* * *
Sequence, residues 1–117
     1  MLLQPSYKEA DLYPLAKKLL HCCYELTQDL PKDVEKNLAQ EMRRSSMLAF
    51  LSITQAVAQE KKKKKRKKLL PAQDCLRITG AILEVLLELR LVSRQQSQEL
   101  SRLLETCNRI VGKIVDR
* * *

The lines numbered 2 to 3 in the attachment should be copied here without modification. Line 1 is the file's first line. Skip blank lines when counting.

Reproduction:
     1  MLLQPSYKEA DLYPLAKKLL HCCYELTQDL PKDVEKNLAQ EMRRSSMLAF
    51  LSITQAVAQE KKKKKRKKLL PAQDCLRITG AILEVLLELR LVSRQQSQEL